Although most African Americans are actually of mixed blood, defining who is black for purposes of affirmative action has not been very difficult. (Grotesque sometimes, but not difficult.) Defining concepts like "working class" or "rural poor" and then assigning individuals to their appropriate class would be far more challenging. And deciding exactly what degree of reverse discrimination each allegedly deprived social class is entitled to would be even worse. Today's affirmative-action battles, and the deep resentments they stir up (reasonably or otherwise), are nothing compared with the blood in the streets and the bitterness in the hearts of Americans denied a promotion after some tribunal ruled that they were upper middle class when the guy next door (who has a pool in his backyard, for crying out loud) got a precious "lower middle" classification and a handsome raise to go with it.
Opponents and supporters of affirmative action all carry a picture in their heads of how things should work. In this picture, everyone in the world is lined up, from No. 1 to No. 7 billion, in order of their qualifications for a job, admission to a university or whatever. The job goes to the first person in line who wants it. Opponents of affirmative action say it's unfair to let anyone jump ahead because of his or her race. Supporters say, Unfair? Are you kidding? Affirmative action just gives people the same places in line they would have had if there had been equal opportunity.But what Kinsley calls "the principal complaint people have about affirmative action: that it violates the principle of merit" is not, in my view, often expressed here, the principal complaint at all, nor is it the most fundamental one.
This picture is wrong in many ways. What makes someone good in a job depends on a variety of factors that are hard to define or measure. They can't be used to line people up on the basis of a variable called "qualifications." Furthermore, race, or at least a diversity of racial backgrounds, often is a qualification. Finally, the benefits of affirmative action sometimes go to people who have already had equal opportunity and more.
The most fundamental reason it is "unfair" to reward someone (and thus punish someone else) because of race is not that doing so violates the "principle of merit." It is that it violates a principle much more deep-seated in American history and in the American system of values, that each individual has a fundamental right to be treated "without regard to race, creed, or color."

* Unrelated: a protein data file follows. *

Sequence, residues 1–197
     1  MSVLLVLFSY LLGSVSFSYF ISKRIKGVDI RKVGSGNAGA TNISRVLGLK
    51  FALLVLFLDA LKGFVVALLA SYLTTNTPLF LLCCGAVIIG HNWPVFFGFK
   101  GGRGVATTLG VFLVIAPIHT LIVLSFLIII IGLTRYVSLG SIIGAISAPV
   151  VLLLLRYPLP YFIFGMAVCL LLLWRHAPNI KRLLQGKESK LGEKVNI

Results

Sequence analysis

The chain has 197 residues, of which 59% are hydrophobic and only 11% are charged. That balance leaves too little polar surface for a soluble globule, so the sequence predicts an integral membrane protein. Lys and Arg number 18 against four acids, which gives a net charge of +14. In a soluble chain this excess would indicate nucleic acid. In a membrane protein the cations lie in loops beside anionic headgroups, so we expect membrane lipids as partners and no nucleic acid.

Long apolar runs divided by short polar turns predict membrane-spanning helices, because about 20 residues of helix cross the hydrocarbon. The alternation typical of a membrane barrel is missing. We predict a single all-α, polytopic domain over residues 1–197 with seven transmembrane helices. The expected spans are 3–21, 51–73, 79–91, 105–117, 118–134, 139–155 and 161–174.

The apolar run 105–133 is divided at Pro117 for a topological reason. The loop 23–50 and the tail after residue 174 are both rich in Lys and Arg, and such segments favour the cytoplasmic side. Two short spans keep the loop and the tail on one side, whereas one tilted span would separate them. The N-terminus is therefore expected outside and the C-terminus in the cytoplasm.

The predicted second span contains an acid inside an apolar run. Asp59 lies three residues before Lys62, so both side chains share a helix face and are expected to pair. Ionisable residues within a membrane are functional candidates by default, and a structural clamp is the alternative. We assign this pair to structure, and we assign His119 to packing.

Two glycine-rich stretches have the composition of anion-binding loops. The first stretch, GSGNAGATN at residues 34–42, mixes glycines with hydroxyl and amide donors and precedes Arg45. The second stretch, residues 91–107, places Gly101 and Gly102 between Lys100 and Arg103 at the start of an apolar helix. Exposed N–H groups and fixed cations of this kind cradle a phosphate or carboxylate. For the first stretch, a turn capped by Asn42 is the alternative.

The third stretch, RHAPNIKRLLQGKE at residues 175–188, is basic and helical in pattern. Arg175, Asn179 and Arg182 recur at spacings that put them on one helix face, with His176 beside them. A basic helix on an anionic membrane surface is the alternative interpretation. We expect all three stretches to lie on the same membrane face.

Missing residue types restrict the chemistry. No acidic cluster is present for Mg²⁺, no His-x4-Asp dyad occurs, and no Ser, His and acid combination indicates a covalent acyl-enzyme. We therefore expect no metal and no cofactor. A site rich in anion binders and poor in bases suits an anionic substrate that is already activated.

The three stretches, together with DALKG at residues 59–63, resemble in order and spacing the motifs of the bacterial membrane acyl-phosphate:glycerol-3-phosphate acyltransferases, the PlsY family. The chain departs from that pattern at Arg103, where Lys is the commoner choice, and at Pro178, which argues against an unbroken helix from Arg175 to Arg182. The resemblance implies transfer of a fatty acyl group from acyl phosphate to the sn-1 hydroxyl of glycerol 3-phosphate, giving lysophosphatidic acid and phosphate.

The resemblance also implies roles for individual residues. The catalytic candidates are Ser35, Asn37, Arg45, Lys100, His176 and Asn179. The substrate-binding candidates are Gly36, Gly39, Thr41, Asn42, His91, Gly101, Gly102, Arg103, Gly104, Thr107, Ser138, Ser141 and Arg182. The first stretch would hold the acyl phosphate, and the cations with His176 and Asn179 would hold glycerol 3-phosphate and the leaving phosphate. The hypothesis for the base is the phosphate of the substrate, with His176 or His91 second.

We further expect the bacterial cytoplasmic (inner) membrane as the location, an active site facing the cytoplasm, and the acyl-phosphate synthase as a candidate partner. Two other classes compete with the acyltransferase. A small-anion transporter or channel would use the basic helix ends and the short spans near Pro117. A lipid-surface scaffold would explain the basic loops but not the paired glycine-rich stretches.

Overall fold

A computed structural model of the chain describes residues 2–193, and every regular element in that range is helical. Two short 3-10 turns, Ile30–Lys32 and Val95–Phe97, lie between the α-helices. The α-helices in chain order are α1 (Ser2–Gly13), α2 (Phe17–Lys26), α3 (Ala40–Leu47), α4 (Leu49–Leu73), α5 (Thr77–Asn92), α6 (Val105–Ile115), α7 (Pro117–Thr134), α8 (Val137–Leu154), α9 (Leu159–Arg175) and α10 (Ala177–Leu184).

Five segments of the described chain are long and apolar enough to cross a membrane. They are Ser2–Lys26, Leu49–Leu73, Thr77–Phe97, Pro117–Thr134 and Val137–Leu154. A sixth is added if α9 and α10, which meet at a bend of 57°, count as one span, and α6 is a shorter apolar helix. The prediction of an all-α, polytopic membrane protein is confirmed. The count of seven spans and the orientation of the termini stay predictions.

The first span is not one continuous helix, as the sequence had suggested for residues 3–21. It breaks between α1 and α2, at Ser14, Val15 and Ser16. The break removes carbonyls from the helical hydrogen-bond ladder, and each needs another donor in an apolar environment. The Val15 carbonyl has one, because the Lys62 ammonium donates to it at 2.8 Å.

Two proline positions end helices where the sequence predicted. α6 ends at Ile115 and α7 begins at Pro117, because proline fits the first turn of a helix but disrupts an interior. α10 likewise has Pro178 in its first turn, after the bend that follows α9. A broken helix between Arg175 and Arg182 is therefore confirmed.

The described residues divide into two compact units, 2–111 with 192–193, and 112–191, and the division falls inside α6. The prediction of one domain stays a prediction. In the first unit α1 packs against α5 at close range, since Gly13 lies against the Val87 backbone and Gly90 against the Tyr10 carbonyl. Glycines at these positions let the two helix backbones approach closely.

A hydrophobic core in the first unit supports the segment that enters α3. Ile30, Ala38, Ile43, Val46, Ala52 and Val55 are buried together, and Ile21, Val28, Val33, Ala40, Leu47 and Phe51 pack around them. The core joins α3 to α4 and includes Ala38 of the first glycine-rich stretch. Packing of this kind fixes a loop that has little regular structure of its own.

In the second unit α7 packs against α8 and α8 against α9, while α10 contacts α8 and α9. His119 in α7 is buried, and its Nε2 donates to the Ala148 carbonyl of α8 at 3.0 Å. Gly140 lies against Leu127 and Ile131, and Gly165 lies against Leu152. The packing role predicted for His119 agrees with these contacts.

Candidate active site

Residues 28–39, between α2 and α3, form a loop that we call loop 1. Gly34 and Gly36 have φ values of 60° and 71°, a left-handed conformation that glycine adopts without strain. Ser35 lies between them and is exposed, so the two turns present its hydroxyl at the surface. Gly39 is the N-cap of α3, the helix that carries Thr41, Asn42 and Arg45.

Merit is nice. Sometimes it's very important. But sacrificing it for something else (often a different kind of merit, as when academic standards are lowered for athletes) does not violate what Gunnar Myrdal called "The American Creed." As the eminent social scientist James Q. Wilson once wrote (quoted here):
we did not fight the Civil War to make sure the University of Mississippi would admit good quarterbacks, we fought it to make certain it would admit blacks. To say that racial and athletic classifications are similar or that one can reason from the latter to the former is foolish. No court has ever held, or is likely to hold, that being able to throw a football 60 yards (or to have a father who gave the school a million dollars) places you in a class whose rights are protected by the barrier of strict scrutiny. Of course, one could argue for making both race and athleticism the same, by getting the Court to say that race is no longer a suspect classification. But that would mean reversing 40 years of desegregation. ["Symposium: Is Affirmative Action on the Way Out? Should It Be?" COMMENTARY, March 1998]Kinsley to the contrary, race should not be "a qualification" for anything, except (the only example that I think is "tailored" narrowly enough) for selecting police officers to go undercover in a racial or ethnic gang.
Source (See the original for links)
Without Judicial Merit
Several readers sounded off yesterday on our August 14 editorial on the American Bar Association's new proposal on judicial selection. We especially liked the rejoinders from ABA President Thomas Wells and Bert Brandenburg of Justice at Stake, claiming that their idea for lawyer-led commissions is nothing but high-minded, nonpartisan, good government that is already working beautifully in many states.